Fatemeh Rezaei lives in the foothills of Bamyan province. She received her bachelor’s degree from Bamyan University, and after graduating, she worked as a reporter for Radio Salam Watandar and later worked as a social worker in rural development in the implementation of World Bank projects.
“I had a good life, doing my job was both a source of income and a hobby, very enjoyable and relaxing; But after the Taliban took control of Afghanistan, I lost that quiet and carefree life, and now I am sitting idle in the corner of the house, dealing with the thousands of economic problems and sorrows that have befallen me and all the people. Ever since the Taliban came to power, the roof of happiness and aspiration has fallen on my head, and poverty, hunger, unemployment, life, and survival have become almost impossible for me, and the roots of hope have been uprooted from my heart.” Ms. Rezaei told Nimrokh about her life before the Taliban.
The fall of the previous government changed the lives of all people totally, women were marginalized, schools and universities were closed to girls, and Afghanistan’s overnight went back twenty years. All people; Especially women, from August 15, recorded sad memories in their lives diary. Fatemeh also told Nimrokh from that day: On the day that Bamyan fell, I was coming to Bamyan from Waras district, all the people were in a hurry and they were escaping to Yakawlang, Waras, and Panjab in groups from the center of Bamyan. There was terror in the faces of men and women. I was scared too. When I arrived in Bamyan, I saw the Taliban flag raised in the corners of Bamyan Bazaar, and a tremor of fear filled my whole being. In those days, as unemployment continued, hunger and rising commodity prices became more deadly, and I do not think things will get better.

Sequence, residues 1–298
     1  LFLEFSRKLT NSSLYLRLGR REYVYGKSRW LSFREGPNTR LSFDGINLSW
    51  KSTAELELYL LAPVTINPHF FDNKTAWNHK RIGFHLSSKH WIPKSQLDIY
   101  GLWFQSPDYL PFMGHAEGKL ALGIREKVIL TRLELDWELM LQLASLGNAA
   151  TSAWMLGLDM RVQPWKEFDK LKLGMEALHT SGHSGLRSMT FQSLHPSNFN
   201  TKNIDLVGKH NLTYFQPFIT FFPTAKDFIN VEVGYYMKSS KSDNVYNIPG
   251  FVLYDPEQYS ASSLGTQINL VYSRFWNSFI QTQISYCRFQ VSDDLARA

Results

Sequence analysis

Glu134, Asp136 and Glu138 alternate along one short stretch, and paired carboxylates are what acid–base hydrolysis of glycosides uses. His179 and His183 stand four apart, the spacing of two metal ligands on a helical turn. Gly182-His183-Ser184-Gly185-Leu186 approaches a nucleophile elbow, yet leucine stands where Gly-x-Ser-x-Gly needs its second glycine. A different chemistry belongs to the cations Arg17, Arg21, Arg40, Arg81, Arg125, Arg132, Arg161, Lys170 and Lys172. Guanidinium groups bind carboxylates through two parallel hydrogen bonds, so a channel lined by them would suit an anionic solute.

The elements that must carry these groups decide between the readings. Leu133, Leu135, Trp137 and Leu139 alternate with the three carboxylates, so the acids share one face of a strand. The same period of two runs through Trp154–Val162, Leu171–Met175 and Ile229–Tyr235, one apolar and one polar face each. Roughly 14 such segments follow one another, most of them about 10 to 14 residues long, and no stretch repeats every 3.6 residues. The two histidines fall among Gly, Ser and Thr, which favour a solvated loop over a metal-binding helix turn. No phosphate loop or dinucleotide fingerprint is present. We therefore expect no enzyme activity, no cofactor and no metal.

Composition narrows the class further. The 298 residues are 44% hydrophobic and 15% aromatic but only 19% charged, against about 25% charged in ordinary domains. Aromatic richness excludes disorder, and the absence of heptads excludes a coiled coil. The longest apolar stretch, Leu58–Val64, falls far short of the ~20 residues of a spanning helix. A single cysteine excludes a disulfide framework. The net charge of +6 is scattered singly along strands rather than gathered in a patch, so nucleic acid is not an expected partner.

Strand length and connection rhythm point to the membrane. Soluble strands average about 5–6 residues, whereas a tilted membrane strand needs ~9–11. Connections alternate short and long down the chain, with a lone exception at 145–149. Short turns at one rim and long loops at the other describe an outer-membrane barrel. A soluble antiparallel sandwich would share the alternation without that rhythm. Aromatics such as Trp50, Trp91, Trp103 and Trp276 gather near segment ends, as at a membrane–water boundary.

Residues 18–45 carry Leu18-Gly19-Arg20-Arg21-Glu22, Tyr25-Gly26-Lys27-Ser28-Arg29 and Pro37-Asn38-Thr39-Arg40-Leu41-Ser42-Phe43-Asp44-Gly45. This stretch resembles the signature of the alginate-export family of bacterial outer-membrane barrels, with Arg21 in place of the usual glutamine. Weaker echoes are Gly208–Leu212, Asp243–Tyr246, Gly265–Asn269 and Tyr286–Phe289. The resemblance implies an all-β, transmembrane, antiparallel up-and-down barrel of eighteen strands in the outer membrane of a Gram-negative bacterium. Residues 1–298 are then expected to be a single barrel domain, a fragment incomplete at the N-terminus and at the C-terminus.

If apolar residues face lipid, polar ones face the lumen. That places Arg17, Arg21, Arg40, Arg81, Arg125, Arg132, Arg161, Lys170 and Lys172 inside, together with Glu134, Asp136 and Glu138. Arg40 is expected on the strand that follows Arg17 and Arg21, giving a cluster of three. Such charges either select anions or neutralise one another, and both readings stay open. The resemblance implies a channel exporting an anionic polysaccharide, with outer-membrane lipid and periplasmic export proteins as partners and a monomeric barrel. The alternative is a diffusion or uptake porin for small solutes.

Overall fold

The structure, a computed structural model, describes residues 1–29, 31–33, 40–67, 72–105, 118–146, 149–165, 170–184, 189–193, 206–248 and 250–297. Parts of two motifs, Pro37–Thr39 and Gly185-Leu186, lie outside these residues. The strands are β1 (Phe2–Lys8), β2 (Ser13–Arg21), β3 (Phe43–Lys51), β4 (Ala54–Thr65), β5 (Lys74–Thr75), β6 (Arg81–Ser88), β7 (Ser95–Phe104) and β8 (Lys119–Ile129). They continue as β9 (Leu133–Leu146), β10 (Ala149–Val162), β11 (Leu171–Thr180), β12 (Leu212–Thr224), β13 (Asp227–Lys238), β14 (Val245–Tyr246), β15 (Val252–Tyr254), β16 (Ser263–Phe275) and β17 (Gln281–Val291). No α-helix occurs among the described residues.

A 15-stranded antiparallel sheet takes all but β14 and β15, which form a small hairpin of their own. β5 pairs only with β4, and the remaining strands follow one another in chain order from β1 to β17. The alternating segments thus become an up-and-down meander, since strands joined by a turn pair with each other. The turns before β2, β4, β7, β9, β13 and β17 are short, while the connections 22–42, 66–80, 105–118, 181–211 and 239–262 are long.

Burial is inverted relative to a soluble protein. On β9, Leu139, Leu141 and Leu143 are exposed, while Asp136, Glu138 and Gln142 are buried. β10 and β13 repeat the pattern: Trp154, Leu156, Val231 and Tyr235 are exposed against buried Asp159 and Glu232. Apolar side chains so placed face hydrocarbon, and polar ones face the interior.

Ms. Rezaei believes that with the dominance of Taliban fighters, domestic violence, underage marriages, and child selling have intensified in Afghanistan, and the reason for all this is unemployment, poverty, and destitution. The Taliban have plunged women’s lives into a dungeon of barbarism by seizing women’s human rights and removing women’s social, economic, and political rights from the governing body and beyond. And their extremist beliefs and brutal behavior have made life as difficult as possible for everyone.
“Although several months have passed since the Taliban occupation and they are still opposed to women’s social, educational, political and economic activities, it is not clear in the future what decision they will make towards women and the imprisonment of female protesters, I am convinced that no good and bright life awaits the women of Afghanistan.” Ms. Rezaei told Nimrokh.
Translated by: Jahan Raha